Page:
New Zealand had the world’s highest death rate from melanoma in 2020, say researchers.
More than 350 people in this country die of it each year.
In a study by a group of European and Australian researchers, it was found that the next highest rates were in Australia, then in western Europe, North America and northern Europe.
Melanoma is rare in most African and Asian countries.
There were 325,000 cases worldwide in 2020, and 57,000 deaths.
The researchers estimate that by 2040 the number of cases will have increased by 50 percent, and deaths by nearly 70 percent.
University of Otago social and behavioural researcher Dr Bronwen McNoe says high rates of melanoma in New Zealand are primarily due to higher levels of exposure to UVR and a high number of people having fair skin.
“Strategies that focus on reducing the amount of harmful UVR New Zealanders are exposed to is the best way to reduce the melanoma burden,” McNoe said.
Dermatologist and former president of the New Zealand Dermatological Society Dr Louise Reiche says the outdoor lifestyle of many New Zealanders also contributes to the rates of melanoma here.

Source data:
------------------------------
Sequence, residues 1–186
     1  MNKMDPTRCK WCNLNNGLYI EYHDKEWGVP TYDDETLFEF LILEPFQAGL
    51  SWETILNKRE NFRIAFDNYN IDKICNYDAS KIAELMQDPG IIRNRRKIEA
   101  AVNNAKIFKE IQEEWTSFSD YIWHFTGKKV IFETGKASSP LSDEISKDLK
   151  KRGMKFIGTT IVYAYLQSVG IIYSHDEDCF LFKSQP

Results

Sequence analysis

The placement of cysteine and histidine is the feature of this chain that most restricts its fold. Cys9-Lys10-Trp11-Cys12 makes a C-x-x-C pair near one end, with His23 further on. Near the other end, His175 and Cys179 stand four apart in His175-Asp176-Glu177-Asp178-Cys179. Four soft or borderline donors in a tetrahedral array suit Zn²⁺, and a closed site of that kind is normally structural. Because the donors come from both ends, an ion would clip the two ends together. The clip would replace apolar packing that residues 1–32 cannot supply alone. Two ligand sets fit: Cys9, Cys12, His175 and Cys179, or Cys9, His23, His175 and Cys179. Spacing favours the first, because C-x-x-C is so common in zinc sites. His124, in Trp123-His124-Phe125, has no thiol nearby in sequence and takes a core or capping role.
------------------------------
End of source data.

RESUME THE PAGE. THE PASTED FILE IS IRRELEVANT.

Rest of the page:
“Reformation of our health system is a wonderful opportunity to address these considerable holistic health measures for the long-term benefit of all New Zealanders to reduce the current and pending melanoma health burden.”
The statistics are not news to New Zealand melanoma experts, dermatologist and University of Auckland adjunct associate professor at the Department of Medicine Amanda Oakley said.
“Not only are our incident and mortality rates high (especially in males more than 50 years old), but we have a burgeoning ageing population of white New Zealanders (baby boomers) that baked in the sun during their youth or have worked outdoors with little protection from sunburn or daily relentless ultraviolet radiation – the cause of [more than] 90 percent of melanomas in New Zealand.
“Our health services are under a great strain with far too few dermatologists, surgical specialists, and GPs to effectively manage our skin cancer epidemic.”